DISTRICT COURT CASES
Judge in the Northern District of California Excludes Damages Expert Opinion that Used the Entire Handset as the Royalty Base

Judge Grewal of the Northern District of California granted defendant’s motion to exclude opinions and testimony of plaintiff’s damages expert. The court found that the expert’s methodology in calculating both the royalty base and the royalty rate violated the standards of Fed. R. Evid. 702 and 703 and Daubert v. Merrell Dow Pharms. Inc. The expert used the entire handset unit as the royalty base, namely the iPhone 4, 4S, and 5 and iPad 2nd generation. The handset was used as the royalty base even though the accused feature was just one feature of the baseband processor of the accused products. The court concluded that the expert ignored the entire market value rule by failing to link the demand for the accused product to the patented feature and by failing to apportion the value of the patented feature against the vast number of non-patented features in the accused products to arrive at an apportioned royalty base. The court rejected plaintiff’s argument that the iPhone and iPad are the smallest saleable unit because throughout the litigation, plaintiff took the position that the infringing functionality lies in the baseband processor, not the accused product as a whole. The smallest saleable unit must be closely tied to the patent, and the expert failed to take that into account. In calculating the royalty rate, the expert relied on licenses secured in settlement of plaintiff’s various patent infringement cases without making a comparable link to the patent-in-suit. The court determined the experts approach was also flawed because he relied on a maximum, cumulative royalty rate without a showing that anyone had committed to such a notion. Lastly, the court concluded that because the damages expert failed to allocate a value to the invention claimed in the asserted patent, his opinions would not be admitted, but provided plaintiff the opportunity to submit a new damages expert report in line with the guidance provided in the court’s order.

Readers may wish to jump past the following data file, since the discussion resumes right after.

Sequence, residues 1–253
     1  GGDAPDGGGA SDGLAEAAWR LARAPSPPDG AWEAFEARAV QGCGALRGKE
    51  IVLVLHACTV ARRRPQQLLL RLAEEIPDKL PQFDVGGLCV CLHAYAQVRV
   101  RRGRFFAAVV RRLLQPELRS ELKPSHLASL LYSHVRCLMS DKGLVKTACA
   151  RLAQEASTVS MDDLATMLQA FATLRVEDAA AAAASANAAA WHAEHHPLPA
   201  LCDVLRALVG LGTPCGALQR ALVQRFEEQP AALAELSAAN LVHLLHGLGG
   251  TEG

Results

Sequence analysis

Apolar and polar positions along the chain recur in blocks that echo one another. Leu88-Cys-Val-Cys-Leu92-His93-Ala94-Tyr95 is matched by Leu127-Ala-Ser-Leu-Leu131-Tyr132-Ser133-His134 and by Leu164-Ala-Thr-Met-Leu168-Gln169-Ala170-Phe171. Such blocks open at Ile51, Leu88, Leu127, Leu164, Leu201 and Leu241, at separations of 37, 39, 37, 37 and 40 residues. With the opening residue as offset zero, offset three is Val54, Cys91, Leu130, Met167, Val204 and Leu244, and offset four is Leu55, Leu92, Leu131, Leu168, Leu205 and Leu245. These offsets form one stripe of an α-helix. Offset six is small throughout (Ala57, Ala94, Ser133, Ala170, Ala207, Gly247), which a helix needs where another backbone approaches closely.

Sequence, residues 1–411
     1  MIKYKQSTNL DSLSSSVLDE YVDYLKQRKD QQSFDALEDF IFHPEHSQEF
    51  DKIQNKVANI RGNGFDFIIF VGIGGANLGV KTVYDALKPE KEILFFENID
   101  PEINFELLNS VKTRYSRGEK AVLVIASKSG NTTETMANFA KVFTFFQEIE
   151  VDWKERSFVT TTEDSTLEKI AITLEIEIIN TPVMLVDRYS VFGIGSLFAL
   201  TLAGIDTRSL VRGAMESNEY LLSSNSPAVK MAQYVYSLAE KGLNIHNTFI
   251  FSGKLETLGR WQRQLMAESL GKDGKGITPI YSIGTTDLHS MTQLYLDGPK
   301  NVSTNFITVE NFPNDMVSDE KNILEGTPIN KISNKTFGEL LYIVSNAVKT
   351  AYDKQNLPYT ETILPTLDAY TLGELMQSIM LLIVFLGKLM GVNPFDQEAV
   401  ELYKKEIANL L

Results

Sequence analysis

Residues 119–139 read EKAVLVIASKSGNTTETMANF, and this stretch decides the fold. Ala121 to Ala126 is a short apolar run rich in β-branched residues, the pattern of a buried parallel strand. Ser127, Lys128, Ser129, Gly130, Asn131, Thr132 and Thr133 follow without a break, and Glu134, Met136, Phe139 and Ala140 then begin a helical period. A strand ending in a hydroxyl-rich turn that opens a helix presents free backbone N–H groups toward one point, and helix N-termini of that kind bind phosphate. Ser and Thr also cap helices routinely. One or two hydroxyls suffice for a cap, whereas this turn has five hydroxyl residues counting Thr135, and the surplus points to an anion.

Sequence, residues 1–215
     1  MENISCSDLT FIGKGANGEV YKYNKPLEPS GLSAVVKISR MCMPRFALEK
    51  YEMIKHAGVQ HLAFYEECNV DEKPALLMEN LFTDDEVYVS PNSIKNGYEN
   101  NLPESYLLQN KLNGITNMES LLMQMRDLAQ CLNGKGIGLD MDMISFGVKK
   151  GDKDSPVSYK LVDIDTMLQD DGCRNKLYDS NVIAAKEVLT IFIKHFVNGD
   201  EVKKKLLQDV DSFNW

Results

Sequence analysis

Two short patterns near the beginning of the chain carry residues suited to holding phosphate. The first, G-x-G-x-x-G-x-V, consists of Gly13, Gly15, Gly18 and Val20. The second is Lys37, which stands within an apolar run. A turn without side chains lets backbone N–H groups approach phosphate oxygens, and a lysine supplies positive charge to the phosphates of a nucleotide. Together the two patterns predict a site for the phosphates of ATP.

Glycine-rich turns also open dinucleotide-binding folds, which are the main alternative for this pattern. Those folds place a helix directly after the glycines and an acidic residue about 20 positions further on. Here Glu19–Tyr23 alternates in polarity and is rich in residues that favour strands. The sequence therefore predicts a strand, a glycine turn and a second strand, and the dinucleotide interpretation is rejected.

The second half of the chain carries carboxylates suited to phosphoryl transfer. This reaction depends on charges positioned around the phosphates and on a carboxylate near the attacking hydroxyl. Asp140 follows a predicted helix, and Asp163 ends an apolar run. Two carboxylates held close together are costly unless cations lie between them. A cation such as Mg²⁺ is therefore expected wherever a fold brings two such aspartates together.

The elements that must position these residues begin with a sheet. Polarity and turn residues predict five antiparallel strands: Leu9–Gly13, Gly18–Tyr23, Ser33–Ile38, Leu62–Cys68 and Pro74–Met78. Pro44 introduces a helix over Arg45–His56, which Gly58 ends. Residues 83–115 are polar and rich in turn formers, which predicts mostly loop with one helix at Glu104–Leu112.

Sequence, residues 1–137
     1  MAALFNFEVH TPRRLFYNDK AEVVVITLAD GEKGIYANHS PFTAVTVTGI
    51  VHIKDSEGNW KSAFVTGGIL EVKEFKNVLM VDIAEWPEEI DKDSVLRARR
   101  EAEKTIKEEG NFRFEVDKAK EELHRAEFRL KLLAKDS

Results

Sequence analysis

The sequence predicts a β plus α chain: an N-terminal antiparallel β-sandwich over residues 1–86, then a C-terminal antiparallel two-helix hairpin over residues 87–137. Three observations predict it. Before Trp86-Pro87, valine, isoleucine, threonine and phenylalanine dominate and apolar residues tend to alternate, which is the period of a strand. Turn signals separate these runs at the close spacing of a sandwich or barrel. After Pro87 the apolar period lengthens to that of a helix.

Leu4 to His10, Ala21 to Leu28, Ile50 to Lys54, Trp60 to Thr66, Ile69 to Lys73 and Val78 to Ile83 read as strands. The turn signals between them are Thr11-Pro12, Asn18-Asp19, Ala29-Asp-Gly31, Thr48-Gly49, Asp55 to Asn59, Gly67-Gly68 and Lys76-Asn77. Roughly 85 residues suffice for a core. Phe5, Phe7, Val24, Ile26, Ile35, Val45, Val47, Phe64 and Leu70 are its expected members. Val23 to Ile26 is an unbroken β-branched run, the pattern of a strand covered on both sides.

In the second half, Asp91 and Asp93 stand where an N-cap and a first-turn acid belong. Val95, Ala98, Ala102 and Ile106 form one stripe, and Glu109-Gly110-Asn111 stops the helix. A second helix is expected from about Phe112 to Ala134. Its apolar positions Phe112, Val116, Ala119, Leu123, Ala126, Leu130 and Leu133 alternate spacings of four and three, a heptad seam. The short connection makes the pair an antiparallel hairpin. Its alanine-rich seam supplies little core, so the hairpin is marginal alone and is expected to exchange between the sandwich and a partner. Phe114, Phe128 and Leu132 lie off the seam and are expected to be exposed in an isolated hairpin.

Golden Bridge Technology v. Apple Inc., No. 5:12-cv-4882 (N.D. Cal. May 18, 2014) [Grewal, J.]

PATENT TRIAL AND APPEAL BOARD

Joinder Appropriate if it Will Not Unduly Complicate or Delay the Initial IPR

In its decision on a motion for joinder, a PTAB panel granted petitioner SAP’s motion to join its inter partes review (IPR) proceeding with the already underway IPR2013-00586 (Unified IPR). Under 35 U.S.C. § 315(c), the director, in his or her discretion, may join as a party to an already initiated IPR, any person who properly filed a petition under 35 U.S.C. § 311, where that petition warrants institution of review. Here, SAP argued that joinder would promote efficiency, but not delay the pending Unified IPR. The patent owner opposed joinder, arguing that SAP had not “identif[ied] any compelling reasons why joinder is appropriate.” The Board explained that the petitioner’s reasons do not have to be “compelling.” SAP stated that it would withdraw its expert declaration and rely on the evidence already submitted in the Unified IPR. SAP also proposed that the Board order consolidated filings for which Unified would be responsible. The Board granted SAP’s motion to join because its IPR petition raised no new issues as compared to the Unified IPR petition, SAP’s proposed procedural protections allowed Unified to retain control over the joined proceeding, and SAP’s protections prevented the need to alter the scheduling order. Granting SAP’s motion to join under those circumstances would not unduly complicate or delay the Unified IPR. The Board ordered IPR2014-00306 joined with IPR2013-00586.